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epending on your perspective, Ming Tsai is either a role model for a new generation of Asian American men or the nightmare of many Asian parents.
     On the role model side, he's America's most famous Asian chef, with two popular Food Network series (East Meets West, Ming's Quest) and a recipe book under his belt (Blue Ginger). And at the age of 36, he and his wife have built up an acclaimed, highly profitable fusion restaurant (Blue Ginger) in the Boston suburb of Wellesley. Ming Tsai
     On the parental nightmare side, Tsai threw away a Yale mechanical engineering degree to work in a Paris restaurant just because he belatedly discovered that he'd rather cook than compute stresses. Adding insult to injury (some Asian parents might say), he married a white woman from Dayton Ohio.
     The ages-old tension between following the road to traditional success and the yearning to hack one's own trail may have been sown in Tsai's childhood. Ming-Hao C Tsai was born March 29, 1964 in Newport Beach, California and grew up in Dayton, Ohio where his father was a high-level scientist at nearby Wright-Patterson Air Force Base. His mother ran the family's Mandarin Kitchen restaurant and taught cooking classes.
     As a teen Ming helped out in the restaurant while aspiring to Yale and following in his father's footsteps. Not until well into his Yale career did Ming discover that his real passion was cooking. He toughed out the Yale B.A. but lost no time after graduation. He went to Paris to take a Cordon Bleu course, then spent two years working his way around that city's kitchens. Upon his return, he enrolled in Cornell for a masters in hotel management, then spent nine years apprenticing under top chefs.
     During that period Tsai developed a unique style that fuses Asian and western flavors and ingredients with a rare mix of discipline and dash. He caught the eye of cooking show producers. Audiences liked his babyface and smooth-talking style. In 1998 the Food Network tapped him for the East Meets West series. Tsai and wife Polly lost no time opening the Blue Ginger that March to satisfy the appetites they expected to be whetted when the show premiered in September. Polly contributed the provocative name and served as the hostess while Ming built up a kitchen operation that would free him for filming shows and allowing two uninterrupted family days each week. One is Sunday when the Blue Ginger is always closed.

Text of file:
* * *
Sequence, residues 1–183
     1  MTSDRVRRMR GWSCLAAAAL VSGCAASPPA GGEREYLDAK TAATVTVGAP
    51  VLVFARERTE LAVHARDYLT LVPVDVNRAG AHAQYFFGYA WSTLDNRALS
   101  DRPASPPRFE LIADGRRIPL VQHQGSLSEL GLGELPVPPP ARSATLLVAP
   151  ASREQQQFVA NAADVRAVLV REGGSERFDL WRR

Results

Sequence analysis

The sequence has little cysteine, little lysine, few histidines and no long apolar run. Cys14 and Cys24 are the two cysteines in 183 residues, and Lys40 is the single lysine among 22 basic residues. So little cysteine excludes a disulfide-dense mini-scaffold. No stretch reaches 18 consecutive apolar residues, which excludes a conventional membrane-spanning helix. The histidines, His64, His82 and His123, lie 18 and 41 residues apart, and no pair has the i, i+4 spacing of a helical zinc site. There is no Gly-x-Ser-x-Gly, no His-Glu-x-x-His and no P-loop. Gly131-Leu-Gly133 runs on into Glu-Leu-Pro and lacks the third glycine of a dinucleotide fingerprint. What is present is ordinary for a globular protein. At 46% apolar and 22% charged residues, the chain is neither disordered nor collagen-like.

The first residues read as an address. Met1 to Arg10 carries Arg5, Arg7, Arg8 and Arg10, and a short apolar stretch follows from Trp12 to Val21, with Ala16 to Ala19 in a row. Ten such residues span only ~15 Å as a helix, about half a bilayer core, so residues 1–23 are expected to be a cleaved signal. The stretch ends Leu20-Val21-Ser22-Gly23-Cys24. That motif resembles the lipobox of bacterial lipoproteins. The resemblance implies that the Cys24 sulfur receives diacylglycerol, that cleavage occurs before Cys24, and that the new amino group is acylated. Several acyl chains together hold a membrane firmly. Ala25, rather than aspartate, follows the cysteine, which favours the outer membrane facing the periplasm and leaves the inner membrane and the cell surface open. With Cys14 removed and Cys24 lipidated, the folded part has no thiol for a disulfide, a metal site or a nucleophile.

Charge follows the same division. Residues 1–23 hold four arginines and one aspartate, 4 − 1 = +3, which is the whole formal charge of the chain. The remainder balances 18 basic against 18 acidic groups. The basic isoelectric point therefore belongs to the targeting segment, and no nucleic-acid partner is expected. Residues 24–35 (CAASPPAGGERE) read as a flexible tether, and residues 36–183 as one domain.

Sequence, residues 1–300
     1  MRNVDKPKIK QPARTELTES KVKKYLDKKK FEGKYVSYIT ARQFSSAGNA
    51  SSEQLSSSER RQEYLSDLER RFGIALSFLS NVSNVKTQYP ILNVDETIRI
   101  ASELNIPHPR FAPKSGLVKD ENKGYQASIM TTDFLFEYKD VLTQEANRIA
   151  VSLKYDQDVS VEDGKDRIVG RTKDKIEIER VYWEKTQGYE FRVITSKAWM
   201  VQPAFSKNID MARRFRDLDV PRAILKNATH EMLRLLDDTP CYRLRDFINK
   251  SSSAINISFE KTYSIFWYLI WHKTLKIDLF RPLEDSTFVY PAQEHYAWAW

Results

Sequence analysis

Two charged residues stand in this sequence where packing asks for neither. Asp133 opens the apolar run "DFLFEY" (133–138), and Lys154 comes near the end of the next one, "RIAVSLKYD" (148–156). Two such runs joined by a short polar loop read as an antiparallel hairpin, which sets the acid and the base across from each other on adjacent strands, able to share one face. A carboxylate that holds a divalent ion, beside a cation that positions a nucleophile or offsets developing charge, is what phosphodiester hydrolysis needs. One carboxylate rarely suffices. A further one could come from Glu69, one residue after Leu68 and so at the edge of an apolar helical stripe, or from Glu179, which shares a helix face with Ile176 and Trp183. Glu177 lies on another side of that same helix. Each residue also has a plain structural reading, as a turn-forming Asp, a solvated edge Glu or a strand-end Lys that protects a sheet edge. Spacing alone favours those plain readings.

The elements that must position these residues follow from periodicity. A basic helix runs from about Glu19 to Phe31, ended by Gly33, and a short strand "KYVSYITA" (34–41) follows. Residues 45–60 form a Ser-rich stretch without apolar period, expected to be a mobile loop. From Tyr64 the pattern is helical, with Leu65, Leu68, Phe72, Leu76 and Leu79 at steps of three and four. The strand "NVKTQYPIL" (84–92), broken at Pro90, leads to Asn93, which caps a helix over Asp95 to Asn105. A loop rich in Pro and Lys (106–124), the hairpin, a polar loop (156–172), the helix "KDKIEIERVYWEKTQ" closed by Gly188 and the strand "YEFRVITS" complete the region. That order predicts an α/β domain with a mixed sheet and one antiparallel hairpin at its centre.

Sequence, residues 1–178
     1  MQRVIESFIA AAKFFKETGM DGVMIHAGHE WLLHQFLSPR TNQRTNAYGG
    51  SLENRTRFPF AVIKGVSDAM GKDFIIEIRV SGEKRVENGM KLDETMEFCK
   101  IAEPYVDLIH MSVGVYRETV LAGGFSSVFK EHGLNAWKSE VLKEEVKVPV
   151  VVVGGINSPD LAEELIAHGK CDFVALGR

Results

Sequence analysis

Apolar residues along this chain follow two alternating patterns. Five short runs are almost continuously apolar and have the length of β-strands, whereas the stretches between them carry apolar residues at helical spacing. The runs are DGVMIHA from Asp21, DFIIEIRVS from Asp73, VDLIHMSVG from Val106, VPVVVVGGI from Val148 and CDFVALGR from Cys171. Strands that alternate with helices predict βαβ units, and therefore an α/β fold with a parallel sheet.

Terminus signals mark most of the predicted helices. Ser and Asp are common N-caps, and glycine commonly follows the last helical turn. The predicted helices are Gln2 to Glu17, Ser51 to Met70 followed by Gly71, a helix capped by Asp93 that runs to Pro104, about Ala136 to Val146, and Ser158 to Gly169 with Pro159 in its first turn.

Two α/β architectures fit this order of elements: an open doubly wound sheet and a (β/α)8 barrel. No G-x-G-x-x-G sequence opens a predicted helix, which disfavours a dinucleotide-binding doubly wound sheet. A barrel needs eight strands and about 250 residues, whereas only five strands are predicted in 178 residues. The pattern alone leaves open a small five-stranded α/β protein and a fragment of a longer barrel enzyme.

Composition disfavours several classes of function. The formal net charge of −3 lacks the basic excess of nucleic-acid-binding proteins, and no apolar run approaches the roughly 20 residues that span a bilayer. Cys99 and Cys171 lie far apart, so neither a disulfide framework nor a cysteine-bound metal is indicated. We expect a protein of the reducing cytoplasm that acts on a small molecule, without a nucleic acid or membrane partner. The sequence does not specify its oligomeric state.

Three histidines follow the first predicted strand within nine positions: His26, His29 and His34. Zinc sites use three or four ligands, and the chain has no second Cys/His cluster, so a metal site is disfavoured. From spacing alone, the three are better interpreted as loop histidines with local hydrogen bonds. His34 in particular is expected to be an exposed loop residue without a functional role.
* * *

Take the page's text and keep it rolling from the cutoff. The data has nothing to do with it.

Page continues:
Ming Tsai is busier than ever now, what with a new son and jetting around the world filming outdoor culinary adventures for Ming's Quest, his second show. Glowing reviews and admiring profiles have made him a media darling. People magazine voted him one of the world's most beautiful people.
     Ming Tsai isn't without detractors. Some AA complain that he's catering to stereotypical images of Asian males as smiling purveyors of exotic flavors. Others say he's corrupting venerable Asian cuisines into Asian-lite. Still others grouse that he's enjoying his own cooking so much that he's turning into a chubby Buddha.
     So what's Ming Tsai's impact on the AA male image? On the career ambitions of young AA males?

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(Updated Tuesday, Apr 1, 2008, 04:53:33 PM)

All of the Asian males should be glad Ming Tsai is so adored and celebrated as he has made the Asian males even more appealing.
ana    Monday, September 30, 2002 at 15:43:19 (PDT)
Bottom line: all good parents, not just Asian ones, want to see to it that their kids succeed enough to make a comfortable living. I'm willing to wager that Ming's parents are satisfied with how he turned out since he's successful by most standards. The only way I can conceive anyone from being disappointed in his career choice is if he had the potential be some sort of Nobel Prize-winning, world-saving mechanical engineer.

As for those griping about him marrying a whife (yeah, I just coined that term--don't steal it). That's cool. More AFs for the rest of AMs, so I ain't complaining. And hey, it also makes it more acceptable for whites and other races to marry in with AMs. AMs--we're not just for AFs anymore.

Ming, you ai-ight with me, dawg.

But no more with the Martin Yan bashing. Comparisons with the original gangsta are hardly relevant. The Yan Can Man obviously representin' old school, and Ming got his own fusion thang goin' on.

I like how Yan's sense of humor straddles the line between unbearably-cheesy and surrealistically addictive. Some may argue that he's playing up to stereotypes, but it's funny to see all those silly gwai lo eating up all his lame jokes and ridiculous mugging.

Plus he has the same last name as I do, even though I'm not related.
Pro Fighter Q
   Sunday, July 14, 2002 at 19:57:57 (PDT)